Source ambiguity resolution of overlapped sounds in a multi-microphone room environment
© Chakraborty et al.; licensee Springer. 2014
Received: 4 August 2013
Accepted: 21 March 2014
Published: 28 April 2014
When several acoustic sources are simultaneously active in a meeting room scenario, and both the position of the sources and the identity of the time-overlapped sound classes have been estimated, the problem of assigning each source position to one of the sound classes still remains. This problem is found in the real-time system implemented in our smart-room, where it is assumed that up to two acoustic events may overlap in time and the source positions are relatively well separated in space. The position assignment system proposed in this work is based on fusion of model-based log-likelihood ratios obtained after carrying out several different partial source separations in parallel. To perform the separation, frequency-invariant null-steering beamformers, which can work with a small number of microphones, are used. The experimental results using all the six microphone arrays deployed in the room show a high assignment rate in our particular scenario.
KeywordsSource position assignment Null steering beamforming Acoustic event detection Simultaneous sounds Fuzzy integral-based fusion
Sound is a rich source of information. For that reason, machine audition  plays an important role in many applications. In particular, for meeting room scenarios, knowledge of the identity of possibly simultaneous sounds that take place in a room at a given time and their position in space is relevant to automatically describe social and human activities [2–5], to increase the robustness of speech processing systems operating in the room , to assist video conferencing , etc.
Acoustic event detection (AED) systems try to determine the identity of an occurring sound and the time interval when it is produced [2–4]. Acoustic source localization (ASL) systems estimate its position in space [5, 8–11]. Both tasks become much more challenging when there exists sound simultaneity, i.e., several sounds overlapping in time and in a given room. For example, after the CLEAR'07 international evaluations , where AED was carried out with meeting room seminars, it became clear that time overlapping of acoustic events (AEs) was a major source of detection errors .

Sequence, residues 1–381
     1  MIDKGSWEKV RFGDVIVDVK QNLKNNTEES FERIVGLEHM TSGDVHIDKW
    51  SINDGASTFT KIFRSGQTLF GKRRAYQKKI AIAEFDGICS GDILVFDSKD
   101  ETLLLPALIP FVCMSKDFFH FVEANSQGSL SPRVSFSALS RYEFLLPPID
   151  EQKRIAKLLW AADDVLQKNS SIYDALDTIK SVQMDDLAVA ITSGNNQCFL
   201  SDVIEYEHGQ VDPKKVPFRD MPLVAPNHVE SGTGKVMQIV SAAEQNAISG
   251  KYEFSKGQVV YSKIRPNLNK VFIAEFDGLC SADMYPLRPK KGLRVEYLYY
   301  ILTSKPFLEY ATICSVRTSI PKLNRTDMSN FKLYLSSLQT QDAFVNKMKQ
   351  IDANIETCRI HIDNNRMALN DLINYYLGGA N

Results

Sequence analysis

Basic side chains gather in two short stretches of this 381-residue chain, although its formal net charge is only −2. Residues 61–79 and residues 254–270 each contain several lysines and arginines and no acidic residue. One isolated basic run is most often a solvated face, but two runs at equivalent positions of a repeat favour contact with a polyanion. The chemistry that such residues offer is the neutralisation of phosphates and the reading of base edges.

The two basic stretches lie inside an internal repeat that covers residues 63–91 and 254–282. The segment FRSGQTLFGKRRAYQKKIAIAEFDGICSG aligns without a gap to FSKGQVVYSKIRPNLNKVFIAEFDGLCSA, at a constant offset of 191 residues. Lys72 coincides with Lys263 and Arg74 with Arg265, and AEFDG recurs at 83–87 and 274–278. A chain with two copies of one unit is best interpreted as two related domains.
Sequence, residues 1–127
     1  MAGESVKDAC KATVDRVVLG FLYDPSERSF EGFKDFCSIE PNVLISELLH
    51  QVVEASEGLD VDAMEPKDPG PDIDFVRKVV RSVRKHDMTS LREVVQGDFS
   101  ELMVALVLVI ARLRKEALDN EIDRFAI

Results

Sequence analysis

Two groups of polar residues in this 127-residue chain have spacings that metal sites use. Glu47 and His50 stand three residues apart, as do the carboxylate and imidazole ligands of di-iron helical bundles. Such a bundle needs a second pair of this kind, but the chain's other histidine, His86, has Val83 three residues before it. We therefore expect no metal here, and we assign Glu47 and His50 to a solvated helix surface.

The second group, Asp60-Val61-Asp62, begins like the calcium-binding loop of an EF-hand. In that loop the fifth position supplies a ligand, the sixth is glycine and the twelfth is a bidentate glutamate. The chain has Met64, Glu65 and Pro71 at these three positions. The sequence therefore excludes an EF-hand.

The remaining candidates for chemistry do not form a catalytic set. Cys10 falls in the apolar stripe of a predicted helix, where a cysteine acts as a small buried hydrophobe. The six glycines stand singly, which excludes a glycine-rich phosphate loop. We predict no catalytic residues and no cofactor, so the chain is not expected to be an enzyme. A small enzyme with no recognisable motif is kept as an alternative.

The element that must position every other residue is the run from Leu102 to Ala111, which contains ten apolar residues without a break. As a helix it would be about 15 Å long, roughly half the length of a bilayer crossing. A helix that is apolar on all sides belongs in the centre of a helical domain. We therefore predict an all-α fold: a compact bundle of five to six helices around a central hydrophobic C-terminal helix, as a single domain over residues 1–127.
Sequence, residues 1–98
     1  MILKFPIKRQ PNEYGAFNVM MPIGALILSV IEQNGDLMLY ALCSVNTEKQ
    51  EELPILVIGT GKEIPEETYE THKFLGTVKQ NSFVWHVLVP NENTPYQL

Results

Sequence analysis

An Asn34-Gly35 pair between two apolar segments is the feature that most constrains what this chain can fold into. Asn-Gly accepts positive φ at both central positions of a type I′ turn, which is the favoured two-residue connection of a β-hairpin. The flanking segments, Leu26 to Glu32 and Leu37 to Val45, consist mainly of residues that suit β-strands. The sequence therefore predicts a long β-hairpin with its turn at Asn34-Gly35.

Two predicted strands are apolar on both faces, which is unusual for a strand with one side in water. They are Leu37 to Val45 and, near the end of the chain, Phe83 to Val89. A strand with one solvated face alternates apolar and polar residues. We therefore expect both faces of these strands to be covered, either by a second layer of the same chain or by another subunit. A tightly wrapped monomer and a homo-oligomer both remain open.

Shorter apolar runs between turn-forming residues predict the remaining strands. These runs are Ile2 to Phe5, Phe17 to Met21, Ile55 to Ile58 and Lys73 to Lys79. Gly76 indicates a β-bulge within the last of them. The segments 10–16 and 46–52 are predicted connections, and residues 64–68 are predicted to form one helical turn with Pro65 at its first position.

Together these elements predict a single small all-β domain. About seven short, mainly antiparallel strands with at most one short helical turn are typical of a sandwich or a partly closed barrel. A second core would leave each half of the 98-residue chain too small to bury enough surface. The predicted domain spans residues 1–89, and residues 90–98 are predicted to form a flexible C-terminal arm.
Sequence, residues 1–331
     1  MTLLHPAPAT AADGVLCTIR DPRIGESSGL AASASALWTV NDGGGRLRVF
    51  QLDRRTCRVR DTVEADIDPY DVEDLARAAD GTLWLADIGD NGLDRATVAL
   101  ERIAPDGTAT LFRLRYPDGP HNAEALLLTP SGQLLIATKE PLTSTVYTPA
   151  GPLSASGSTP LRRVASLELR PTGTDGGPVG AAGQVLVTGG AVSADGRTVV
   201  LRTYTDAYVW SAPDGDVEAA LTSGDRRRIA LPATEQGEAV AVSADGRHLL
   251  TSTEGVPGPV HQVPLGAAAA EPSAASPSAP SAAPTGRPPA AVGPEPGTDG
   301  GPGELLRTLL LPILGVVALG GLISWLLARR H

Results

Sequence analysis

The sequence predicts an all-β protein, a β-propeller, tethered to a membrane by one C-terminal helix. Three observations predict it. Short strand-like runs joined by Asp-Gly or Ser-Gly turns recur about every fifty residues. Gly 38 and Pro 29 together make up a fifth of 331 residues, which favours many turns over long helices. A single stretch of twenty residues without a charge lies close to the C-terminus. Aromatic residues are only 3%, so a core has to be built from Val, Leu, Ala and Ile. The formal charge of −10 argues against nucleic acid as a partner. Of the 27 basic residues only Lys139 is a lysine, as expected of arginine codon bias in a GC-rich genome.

In the concrete scenario used for the experiments, a typical meeting room acoustic scene is considered, where only a person is speaking at a given time and other non-speech sounds may happen simultaneously with the speaker's voice. Therefore, we have to deal with the problem of detecting and localizing an acoustic event that may be temporally overlapped with speech. The detection of overlapping events may be tackled with different approaches, either at the signal level, at the model level, or at the decision level. In [13–15], a model-based approach was adopted for detection of events in that meeting room scenario with two sources, one of which is always speech and the other one is an acoustic event from a list of 11 predefined events. Thus, besides the mono-event acoustic models, additional acoustic models were considered for each AE overlapped with speech, so the number of models was doubled (22 in that case). That approach is used in the current real-time system implemented in the smart-room of Universitat Politècnica de Catalunya (UPC), which includes both AED and ASL .
In that model-based approach, a permutation problem exists. In fact, the AED system gives the hypothesized identities of the overlapped sounds, but does not associate each of them to one of the available source positions that are provided by the ASL system. The same problem may be encountered by using other AED approaches, for instance, if a blind source separation technique is used prior to the detection of each of the separated events. To solve that source ambiguity problem, a position assignment (PA) system that performs a one-to-one correspondence between the set of source positions and the set of class labels is presented in this paper.